Key Words: Apple’s Tim Cook on his close relationship with Trump: ‘I believe in direct conversation’

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They’re an admittedly odd pair.

Apple Inc. Chief Executive Tim Cook has been an outspoken critic of some of President Donald Trump’s policies and an advocate for a number of liberal causes. Which makes his close relationship with the president surprising to some.

But Cook said Wednesday that the reason is simple:

“I don’t believe in having people talk on my behalf.”

Tim Cook

In an interview with ABC News that aired Wednesday, after Trump toured an Apple factory in Austin, Texas, Cook said he likes to cut out the middleman.

“I don’t believe in lobbyists,” he said. “I believe in direct conversation. I strongly believe in engagement. I hate polarization. I despise it.”

Of course, that doesn’t mean Apple doesn’t lobby; just last week, the company reportedly hired a major Trump donor to lobby on its behalf that it should be exempt from new tariffs. Apple reportedly spent $60 million on lobbying from 2005 to 2018, including $6.6 million last year.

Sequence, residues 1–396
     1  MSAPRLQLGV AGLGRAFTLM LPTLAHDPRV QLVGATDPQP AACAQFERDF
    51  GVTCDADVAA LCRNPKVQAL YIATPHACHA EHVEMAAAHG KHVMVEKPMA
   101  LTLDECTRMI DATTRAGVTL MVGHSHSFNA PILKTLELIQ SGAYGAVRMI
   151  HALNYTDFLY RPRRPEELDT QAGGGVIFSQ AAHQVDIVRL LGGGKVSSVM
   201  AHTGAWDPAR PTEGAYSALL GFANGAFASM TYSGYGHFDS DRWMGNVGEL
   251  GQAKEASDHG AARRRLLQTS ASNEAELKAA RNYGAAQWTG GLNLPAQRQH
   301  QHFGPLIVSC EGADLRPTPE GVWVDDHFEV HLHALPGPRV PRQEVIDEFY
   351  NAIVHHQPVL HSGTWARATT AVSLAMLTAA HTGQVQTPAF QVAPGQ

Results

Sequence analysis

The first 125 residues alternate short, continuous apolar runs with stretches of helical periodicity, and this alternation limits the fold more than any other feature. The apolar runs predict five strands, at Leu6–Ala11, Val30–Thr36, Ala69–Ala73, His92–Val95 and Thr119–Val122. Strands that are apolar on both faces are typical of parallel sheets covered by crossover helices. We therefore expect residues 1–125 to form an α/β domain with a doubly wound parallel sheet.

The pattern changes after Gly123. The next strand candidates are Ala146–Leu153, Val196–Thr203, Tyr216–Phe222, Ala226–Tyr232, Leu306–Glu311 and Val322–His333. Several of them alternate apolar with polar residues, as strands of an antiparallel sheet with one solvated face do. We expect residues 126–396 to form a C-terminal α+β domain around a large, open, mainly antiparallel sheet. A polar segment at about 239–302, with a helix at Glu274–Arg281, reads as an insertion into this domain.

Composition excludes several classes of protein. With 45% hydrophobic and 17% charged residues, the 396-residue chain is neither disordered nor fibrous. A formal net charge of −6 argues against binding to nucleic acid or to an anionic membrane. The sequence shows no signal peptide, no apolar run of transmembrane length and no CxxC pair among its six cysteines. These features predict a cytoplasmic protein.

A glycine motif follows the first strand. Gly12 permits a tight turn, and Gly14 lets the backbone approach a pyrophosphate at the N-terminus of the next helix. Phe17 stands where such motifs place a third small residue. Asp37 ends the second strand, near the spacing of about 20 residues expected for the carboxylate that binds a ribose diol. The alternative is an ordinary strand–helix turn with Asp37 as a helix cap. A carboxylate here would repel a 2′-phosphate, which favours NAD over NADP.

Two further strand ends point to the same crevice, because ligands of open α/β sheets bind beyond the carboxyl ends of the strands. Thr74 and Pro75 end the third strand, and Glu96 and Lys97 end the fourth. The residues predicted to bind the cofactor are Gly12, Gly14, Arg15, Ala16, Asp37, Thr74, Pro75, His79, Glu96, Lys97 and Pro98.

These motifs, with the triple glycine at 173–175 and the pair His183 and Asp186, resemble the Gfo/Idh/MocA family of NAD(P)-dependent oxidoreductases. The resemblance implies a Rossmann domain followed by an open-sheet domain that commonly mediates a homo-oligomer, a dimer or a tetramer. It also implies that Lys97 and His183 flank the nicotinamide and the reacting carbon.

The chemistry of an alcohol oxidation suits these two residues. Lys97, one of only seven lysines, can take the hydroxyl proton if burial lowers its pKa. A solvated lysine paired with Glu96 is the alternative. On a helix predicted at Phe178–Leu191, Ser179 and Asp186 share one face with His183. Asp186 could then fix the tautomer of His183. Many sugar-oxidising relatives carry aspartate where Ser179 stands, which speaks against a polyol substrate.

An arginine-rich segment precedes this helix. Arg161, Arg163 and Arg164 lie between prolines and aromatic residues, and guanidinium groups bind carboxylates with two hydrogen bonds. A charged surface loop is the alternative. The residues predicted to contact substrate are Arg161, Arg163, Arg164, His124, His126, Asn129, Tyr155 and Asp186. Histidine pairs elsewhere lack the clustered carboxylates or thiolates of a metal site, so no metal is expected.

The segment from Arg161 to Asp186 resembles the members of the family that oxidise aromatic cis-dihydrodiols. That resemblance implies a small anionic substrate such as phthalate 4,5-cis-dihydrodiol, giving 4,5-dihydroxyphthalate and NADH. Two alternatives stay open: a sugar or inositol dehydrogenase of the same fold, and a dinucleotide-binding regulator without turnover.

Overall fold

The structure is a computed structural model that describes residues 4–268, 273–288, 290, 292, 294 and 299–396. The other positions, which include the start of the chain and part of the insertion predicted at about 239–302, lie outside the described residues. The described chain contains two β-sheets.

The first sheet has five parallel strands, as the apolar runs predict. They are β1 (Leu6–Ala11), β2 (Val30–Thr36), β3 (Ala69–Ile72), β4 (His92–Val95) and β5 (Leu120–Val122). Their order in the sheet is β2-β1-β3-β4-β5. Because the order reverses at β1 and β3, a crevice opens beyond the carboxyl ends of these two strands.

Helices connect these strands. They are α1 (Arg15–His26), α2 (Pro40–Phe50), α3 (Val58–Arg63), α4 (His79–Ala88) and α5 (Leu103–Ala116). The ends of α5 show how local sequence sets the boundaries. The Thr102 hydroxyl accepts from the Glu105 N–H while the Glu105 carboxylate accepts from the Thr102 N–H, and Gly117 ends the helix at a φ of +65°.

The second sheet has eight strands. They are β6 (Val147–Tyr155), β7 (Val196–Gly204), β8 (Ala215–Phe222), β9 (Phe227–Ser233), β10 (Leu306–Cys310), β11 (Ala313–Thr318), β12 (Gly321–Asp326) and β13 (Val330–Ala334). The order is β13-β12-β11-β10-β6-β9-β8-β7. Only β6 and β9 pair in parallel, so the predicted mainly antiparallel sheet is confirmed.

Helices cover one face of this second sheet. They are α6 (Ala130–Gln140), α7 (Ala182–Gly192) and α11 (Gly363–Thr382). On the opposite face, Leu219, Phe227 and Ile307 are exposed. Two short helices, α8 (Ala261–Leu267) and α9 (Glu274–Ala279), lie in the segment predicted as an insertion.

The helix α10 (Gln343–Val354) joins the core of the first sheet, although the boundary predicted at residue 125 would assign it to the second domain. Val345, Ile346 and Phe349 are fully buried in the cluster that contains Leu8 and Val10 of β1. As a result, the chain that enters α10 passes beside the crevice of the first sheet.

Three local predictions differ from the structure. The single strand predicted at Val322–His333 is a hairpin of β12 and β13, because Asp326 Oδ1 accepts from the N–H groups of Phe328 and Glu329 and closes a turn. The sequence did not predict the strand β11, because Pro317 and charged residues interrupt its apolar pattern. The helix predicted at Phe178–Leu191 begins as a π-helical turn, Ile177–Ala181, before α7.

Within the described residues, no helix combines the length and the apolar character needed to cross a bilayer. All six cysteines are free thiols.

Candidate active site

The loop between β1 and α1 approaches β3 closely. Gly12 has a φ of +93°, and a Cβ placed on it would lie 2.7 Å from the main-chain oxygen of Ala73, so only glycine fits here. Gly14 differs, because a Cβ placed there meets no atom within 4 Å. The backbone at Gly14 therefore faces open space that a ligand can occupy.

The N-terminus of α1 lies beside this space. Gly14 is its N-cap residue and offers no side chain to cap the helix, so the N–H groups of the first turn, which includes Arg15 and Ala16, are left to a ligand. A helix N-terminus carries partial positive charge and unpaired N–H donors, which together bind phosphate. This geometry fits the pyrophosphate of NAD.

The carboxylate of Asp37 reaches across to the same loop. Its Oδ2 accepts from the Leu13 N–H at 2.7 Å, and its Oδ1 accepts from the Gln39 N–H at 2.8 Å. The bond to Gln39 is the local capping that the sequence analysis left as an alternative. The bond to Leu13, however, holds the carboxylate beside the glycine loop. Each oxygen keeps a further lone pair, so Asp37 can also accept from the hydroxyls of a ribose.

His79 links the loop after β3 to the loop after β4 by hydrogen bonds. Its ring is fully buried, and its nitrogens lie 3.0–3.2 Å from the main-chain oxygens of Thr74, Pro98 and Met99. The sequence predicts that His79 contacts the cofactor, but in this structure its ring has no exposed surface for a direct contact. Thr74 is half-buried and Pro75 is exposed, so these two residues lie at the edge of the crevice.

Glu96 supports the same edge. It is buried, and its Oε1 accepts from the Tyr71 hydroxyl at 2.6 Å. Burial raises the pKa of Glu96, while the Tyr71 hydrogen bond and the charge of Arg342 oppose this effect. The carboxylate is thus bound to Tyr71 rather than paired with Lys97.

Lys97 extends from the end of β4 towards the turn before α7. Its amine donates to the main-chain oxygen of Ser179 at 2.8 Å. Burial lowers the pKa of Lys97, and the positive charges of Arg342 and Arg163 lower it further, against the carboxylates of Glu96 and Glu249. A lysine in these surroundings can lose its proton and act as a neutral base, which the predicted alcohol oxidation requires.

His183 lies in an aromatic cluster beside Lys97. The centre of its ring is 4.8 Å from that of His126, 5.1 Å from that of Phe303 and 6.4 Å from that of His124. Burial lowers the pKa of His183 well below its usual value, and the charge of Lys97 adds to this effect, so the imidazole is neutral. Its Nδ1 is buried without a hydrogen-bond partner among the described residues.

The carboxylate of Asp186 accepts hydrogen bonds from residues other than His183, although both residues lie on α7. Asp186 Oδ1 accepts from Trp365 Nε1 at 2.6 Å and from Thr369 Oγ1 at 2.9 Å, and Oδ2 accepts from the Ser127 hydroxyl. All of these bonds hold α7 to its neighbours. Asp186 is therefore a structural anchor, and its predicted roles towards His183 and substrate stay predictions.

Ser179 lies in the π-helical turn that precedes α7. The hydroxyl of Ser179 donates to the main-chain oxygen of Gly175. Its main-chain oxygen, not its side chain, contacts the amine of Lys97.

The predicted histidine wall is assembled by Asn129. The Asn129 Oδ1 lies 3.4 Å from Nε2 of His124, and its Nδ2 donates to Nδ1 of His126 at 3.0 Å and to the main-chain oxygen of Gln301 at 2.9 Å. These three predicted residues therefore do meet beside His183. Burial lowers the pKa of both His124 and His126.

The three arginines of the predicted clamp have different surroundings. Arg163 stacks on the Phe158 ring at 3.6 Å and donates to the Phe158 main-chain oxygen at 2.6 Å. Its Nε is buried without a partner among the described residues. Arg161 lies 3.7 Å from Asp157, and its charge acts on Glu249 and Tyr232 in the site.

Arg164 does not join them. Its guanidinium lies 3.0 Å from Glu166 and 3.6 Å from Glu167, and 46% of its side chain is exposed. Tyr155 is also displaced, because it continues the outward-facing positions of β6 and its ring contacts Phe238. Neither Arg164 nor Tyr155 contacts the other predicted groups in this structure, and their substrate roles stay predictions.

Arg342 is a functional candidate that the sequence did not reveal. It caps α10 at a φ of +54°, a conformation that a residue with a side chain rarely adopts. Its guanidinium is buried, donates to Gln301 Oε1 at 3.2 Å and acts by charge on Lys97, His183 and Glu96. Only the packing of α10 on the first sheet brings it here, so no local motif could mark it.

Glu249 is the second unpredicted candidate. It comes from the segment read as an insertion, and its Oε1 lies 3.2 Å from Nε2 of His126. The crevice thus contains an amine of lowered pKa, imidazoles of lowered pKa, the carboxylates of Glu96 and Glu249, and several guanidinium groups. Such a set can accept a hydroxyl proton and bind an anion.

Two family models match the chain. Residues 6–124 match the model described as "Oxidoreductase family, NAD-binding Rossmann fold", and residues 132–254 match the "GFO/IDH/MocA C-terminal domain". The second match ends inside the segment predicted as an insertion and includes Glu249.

Cook has met with Trump fairly regularly over the last few years, often talking about trade and jobs.

That effort — by both lobbyists and Cook — may be paying off: Trump said Wednesday that he’s “looking” at exempting Apple from a new wave of tariffs on Chinese goods set to take effect in December. Cook has said in the past that such tariffs would hurt Apple’s bottom line and help its biggest competitors.

“I’m hoping that the U.S. and China come to an agreement, and so I don’t even want to go down that road right now,” Cook told ABC News. “I’m so convinced that [a trade deal] in the best interest of the U.S. and best interest of China, and so if you have two parties where there’s a common best interest there has got to be some kind of path forward here. And I think that will happen.”

While Trump has called for Apple’s iPhones to be made in America, Cook said that’s not realistic. “The way I think about it is, the iPhone is made everywhere,” he said, noting that while the devices are assembled in China, its glass and many silicone components are made in the U.S.

“The iPhone is the product of a global supply chain,” Cook said, adding that iPhone assembly in the U.S. is not “on the horizon.”

Apple shares AAPL, -1.16%   are up 67% year to date, compared to a 19% gain by the Dow Jones Industrial Average DJIA, -0.40%  , of which it’s a component.

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